In ode to my current platform, I’m going to start this series with a bit about Blogger (Blogspot). In my previous post, I promised a user’s opinion in addition to my own, but since I am the user, today will be the exception.
Complete honesty: when I began my blog last December, I had no (emphasize NO) idea what I was doing, nor did I have any (again, emphasis) clue what mattered when choosing a platform. So, I began forging my way through the hubbub and chose the platform that a friend was using: Blogger.
You could say I’ve gotten the crash-course experience in blogging. Even more, you would say it could you see the before and after of the appearance alone. I don’t claim to be an expert by any means, but I feel much more confident in this section of the World of Web.
So, as you can see, I still exist with Blogger. I’ve looked at different platforms both for me and for a client, but I’m still here for a few reasons:
- It’s completely free. You can customize it in pretty much any way with templates and widgets without a single charge.
- It’s simple. Until I’m ready to put up an online portfolio, Blogger meets my need(s).
- It’s very easy to use. Like I said, I began my account with no pre-existing Web knowledge and I’ve been able to figure out answers to different questions easily.
- It’s all online. There is nothing to download or upload. It’s all available on the World Wide Web.
- It’s supported. What I mean is, there are thousands of resources available for reference once you decide how deep you want to get into the customization process. It was through these resources that I taught myself how to run my blog through a custom URL, which brings me to my final pro:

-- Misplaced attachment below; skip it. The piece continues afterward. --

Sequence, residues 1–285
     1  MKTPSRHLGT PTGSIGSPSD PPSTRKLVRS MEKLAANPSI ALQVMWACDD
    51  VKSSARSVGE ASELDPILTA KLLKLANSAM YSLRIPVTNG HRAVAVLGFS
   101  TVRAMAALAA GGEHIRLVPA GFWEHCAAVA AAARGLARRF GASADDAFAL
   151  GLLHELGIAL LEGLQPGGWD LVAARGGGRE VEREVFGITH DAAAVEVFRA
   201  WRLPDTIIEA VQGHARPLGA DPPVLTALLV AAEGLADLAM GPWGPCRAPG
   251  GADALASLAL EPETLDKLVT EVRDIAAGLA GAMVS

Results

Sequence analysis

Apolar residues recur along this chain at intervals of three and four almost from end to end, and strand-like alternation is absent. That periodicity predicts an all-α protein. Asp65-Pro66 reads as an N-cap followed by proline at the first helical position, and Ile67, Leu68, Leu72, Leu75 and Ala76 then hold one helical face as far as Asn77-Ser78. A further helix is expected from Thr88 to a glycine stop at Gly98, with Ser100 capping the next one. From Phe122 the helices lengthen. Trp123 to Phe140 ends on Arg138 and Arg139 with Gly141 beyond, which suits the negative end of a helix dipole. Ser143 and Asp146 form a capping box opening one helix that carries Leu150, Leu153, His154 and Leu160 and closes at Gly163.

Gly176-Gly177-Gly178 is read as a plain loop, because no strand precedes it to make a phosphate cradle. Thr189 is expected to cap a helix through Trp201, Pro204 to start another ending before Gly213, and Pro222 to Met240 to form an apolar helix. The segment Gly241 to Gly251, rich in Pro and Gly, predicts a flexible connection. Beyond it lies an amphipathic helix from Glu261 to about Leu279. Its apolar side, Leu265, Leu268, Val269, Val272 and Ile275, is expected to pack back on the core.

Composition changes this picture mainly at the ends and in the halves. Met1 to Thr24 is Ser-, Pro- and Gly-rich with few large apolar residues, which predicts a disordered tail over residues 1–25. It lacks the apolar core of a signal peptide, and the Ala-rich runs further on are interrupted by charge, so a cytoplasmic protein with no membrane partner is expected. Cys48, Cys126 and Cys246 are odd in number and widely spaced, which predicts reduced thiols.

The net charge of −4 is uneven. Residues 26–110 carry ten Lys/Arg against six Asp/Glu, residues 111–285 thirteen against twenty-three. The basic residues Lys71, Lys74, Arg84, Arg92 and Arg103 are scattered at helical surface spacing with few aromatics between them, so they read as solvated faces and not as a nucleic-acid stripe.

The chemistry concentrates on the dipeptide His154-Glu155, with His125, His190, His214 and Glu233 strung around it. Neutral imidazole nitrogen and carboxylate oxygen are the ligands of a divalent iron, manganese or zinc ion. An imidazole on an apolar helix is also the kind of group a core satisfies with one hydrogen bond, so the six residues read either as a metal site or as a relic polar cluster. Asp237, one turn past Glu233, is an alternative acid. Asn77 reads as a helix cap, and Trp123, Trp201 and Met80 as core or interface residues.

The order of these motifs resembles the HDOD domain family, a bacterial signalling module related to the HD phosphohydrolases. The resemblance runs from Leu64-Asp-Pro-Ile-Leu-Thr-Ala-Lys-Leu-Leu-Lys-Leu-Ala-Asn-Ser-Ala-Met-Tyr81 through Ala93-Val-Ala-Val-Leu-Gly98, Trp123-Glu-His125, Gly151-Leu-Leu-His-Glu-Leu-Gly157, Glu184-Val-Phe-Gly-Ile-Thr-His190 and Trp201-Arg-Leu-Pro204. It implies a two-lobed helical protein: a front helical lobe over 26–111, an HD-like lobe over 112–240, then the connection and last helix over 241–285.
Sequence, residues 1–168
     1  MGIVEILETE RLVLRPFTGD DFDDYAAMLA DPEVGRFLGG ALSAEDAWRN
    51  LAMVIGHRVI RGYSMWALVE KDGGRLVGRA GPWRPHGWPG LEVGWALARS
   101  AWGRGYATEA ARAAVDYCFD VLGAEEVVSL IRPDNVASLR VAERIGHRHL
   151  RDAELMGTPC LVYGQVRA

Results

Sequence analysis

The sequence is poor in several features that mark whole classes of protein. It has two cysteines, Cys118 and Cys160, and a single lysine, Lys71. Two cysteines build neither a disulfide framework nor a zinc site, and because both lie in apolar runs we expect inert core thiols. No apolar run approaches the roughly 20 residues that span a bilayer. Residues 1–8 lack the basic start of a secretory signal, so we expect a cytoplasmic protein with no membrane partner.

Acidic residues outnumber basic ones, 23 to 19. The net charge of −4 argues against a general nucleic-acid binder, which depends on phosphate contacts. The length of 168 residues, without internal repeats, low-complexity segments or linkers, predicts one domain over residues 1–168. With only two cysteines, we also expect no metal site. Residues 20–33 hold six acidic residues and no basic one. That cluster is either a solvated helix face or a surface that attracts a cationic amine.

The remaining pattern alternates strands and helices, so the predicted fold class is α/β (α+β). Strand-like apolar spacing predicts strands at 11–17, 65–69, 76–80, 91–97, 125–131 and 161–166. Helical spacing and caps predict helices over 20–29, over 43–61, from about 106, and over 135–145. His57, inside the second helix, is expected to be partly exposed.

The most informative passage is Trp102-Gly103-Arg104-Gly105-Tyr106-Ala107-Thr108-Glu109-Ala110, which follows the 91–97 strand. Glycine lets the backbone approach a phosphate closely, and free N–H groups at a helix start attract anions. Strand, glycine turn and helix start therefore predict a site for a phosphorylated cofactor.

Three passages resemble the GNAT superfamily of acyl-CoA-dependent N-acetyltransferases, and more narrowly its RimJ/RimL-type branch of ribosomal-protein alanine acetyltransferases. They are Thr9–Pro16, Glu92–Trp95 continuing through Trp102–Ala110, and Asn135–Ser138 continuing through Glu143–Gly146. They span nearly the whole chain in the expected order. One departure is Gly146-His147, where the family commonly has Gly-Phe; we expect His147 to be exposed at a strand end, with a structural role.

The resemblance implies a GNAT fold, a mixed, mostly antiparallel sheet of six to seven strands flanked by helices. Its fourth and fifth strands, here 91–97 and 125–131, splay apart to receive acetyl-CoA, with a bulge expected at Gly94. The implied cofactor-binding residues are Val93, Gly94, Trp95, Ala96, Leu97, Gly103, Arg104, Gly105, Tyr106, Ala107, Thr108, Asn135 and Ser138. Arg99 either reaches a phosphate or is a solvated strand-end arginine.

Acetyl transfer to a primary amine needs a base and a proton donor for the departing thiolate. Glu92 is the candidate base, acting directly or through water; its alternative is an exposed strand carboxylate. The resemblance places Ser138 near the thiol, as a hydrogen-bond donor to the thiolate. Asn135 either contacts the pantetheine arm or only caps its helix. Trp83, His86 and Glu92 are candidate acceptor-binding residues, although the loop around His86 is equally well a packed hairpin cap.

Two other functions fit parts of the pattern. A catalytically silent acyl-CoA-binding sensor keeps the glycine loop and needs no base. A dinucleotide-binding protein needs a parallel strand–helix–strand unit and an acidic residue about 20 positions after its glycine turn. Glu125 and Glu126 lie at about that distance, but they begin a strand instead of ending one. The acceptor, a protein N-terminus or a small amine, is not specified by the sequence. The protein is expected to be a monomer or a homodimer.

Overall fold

- It’s free hosting. I am currently running my blog through the custom domain that I purchased (the only expense I’ve incurred). Most people pay a company to host their Web site, but if you’re only hosting your Blogger blog, it’s free.
However, I doubt that I will stay for the long run for a few reasons:
- It’s options are limited. While my blog is customized with a template–that’s all it is: a blog. If my goal was to expand my blog to a personal Web site, I would be forced to move as Blogger does not support (user-friendly) multi-page sites unless you know how to write code–which I don’t, but this guy may be helpful. But beggars can’t be choosers, right?
- No naked domains. While I can re-route my Blogger blog to www.myyellowumbrella.com, I cannot be found at myyellowumbrella.com; see the difference? Not everyone includes the “www.” when typing in a Web address. Go ahead and try to visit me at myyellowumbrella.com (without the www.); even though I own the domain, Blogger won’t allow hosting at the “naked” location, so it appears that I don’t exist if the “www.” isn’t included.
- Personal is best (in my opinion, of course). I, personally, would not host my professional Web site to blogger, but to every man his own.
In summation, Blogger is great for simple needs and for people who feel pretty lost amongst the HTML codes, CSS languages and many options of CMSs. It’s been good to me.
Coming up next: a look at WordPress, including some insight from the author and creator of ToddBlog.